J. L. BELL is a Massachusetts writer who specializes in (among other things) the start of the American Revolution in and around Boston. He is particularly interested in the experiences of children in 1765-75. He has published scholarly papers and popular articles for both children and adults. He was consultant for an episode of History Detectives, and contributed to a display at Minute Man National Historic Park.

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Saturday, September 09, 2006

Coming of Age with Octavian Nothing

This month, Candlewick Press of Cambridge will publish a truly original novel about the American Revolution: The Astonishing Life of Octavian Nothing, Traitor to the Nation—Volume One: The Pox Party, by M. T. Anderson. This first half of the saga is set in and around colonial Boston from the late 1760s through the first months of the war. (Full disclosure: Last year I vetted the manuscript for historical accuracy, so I read this book quite early, yet haven't read the final text.)

As cultural historian Michael Kammen noted in A Season of Youth, the most successful and lasting popular fiction about the American Revolution consists of coming-of-age novels: namely, Esther Forbes's Johnny Tremain and the Collier brothers' My Brother Sam Is Dead. That's not just because we study the Revolution in school, and students relate to novels about young people. It's also because our national understanding of the War for Independence is a coming-of-age story. Like the heroes in those books, the American nation supposedly woke up to its rights and responsibilities, threw off the illusions and strictures of childhood (under the "mother country"), and took its rightful place in the society of nations.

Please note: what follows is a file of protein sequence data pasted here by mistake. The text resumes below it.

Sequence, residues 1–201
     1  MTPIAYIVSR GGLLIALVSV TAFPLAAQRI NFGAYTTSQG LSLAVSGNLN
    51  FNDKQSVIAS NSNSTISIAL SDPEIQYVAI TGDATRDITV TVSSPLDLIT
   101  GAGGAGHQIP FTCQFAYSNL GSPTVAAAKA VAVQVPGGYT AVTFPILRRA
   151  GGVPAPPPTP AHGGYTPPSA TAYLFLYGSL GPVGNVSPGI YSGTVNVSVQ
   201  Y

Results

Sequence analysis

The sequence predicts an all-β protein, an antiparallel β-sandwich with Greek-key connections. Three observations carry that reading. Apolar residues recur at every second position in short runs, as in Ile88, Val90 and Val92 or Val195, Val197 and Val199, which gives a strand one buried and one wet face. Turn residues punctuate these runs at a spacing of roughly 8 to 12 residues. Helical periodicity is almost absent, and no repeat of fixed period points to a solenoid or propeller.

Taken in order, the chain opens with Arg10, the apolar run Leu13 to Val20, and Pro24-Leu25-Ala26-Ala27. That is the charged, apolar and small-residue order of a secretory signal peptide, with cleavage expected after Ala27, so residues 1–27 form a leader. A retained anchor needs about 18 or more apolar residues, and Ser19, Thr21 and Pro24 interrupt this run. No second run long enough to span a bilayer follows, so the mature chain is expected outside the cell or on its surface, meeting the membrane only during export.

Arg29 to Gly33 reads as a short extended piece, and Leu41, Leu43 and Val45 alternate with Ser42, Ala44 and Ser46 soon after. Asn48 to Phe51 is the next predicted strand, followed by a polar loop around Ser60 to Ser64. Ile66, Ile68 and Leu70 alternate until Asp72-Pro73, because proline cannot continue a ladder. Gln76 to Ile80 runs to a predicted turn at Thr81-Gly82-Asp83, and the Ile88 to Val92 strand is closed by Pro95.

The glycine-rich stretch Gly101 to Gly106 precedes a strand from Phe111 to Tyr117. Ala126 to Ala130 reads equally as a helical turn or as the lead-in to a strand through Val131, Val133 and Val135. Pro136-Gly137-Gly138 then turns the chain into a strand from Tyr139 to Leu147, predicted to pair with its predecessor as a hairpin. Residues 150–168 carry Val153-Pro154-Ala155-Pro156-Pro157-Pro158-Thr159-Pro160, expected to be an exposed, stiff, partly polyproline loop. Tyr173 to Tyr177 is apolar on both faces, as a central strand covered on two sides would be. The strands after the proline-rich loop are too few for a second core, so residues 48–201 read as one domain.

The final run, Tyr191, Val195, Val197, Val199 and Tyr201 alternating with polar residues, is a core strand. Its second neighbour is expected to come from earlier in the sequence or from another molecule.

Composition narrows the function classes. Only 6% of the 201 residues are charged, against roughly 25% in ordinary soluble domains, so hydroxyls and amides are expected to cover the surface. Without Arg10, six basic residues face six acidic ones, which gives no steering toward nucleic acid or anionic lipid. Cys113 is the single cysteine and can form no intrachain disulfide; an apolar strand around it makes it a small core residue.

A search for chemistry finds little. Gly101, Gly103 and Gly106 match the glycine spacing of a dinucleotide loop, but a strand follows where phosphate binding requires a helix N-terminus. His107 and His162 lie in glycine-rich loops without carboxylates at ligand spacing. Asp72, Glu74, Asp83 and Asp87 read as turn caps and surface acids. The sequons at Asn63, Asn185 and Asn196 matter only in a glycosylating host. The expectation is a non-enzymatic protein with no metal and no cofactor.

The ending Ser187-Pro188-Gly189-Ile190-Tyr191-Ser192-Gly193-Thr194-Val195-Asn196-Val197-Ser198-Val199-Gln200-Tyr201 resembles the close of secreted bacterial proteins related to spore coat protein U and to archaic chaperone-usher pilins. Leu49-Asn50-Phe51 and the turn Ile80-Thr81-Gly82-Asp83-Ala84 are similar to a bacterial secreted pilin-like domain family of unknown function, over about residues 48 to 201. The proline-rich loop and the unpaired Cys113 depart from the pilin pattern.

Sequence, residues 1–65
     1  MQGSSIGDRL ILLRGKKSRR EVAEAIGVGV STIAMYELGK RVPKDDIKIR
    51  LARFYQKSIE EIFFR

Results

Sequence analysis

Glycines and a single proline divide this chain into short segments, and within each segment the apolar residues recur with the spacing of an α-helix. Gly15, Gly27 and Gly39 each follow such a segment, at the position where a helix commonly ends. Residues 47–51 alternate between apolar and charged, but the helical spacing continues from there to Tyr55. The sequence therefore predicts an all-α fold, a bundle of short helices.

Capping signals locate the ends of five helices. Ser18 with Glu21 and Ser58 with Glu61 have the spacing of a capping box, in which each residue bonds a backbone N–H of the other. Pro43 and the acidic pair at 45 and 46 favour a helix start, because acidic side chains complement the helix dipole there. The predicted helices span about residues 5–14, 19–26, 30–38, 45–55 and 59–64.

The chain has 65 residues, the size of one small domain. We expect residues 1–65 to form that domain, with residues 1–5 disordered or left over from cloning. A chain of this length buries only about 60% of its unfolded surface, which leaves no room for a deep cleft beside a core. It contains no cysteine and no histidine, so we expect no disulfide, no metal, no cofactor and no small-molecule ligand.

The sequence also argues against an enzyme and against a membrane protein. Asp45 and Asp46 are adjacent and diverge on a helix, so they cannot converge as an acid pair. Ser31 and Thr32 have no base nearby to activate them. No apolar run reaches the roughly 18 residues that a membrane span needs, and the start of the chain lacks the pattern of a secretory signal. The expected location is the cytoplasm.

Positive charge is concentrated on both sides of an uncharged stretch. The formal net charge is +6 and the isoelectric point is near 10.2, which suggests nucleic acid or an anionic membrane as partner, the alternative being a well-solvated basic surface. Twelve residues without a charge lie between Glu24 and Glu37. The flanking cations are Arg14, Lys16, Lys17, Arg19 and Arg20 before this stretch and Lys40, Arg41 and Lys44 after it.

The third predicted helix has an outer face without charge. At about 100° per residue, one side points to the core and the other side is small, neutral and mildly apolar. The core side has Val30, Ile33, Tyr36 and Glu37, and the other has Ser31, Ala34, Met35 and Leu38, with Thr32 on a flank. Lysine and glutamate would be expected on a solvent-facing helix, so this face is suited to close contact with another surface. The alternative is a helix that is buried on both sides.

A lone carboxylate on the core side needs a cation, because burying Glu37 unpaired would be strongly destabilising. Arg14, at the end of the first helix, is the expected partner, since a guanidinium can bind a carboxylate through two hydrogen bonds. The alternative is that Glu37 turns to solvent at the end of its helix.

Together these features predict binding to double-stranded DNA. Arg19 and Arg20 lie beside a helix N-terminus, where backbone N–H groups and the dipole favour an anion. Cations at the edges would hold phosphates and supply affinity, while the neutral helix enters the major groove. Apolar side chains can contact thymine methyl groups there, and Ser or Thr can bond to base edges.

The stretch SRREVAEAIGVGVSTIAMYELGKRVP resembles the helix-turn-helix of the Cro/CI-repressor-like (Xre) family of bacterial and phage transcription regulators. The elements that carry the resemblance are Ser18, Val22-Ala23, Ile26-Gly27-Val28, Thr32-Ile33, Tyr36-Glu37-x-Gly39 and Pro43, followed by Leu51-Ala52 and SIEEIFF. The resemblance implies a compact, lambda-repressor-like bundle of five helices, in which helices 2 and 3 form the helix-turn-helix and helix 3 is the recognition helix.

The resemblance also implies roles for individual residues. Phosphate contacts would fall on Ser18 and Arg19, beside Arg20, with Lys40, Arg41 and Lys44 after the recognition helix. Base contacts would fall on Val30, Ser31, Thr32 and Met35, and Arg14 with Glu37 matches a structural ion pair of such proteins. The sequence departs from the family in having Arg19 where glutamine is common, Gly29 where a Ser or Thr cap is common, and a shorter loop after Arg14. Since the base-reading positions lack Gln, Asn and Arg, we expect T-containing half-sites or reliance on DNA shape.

Octavian Nothing is also the story of a boy growing into a man, but Octavian's both more and less than a boy—he's precious property. At first he doesn't know that. But he comes to see that he's caught in an Enlightenment gone berserk, portrayed in full gothic style. And, as the "traitorous" subtitle hints, this is not a story of easy patriotism. Octavian feels caught between two nations, British and American, both claiming his loyalty without promising much in return.

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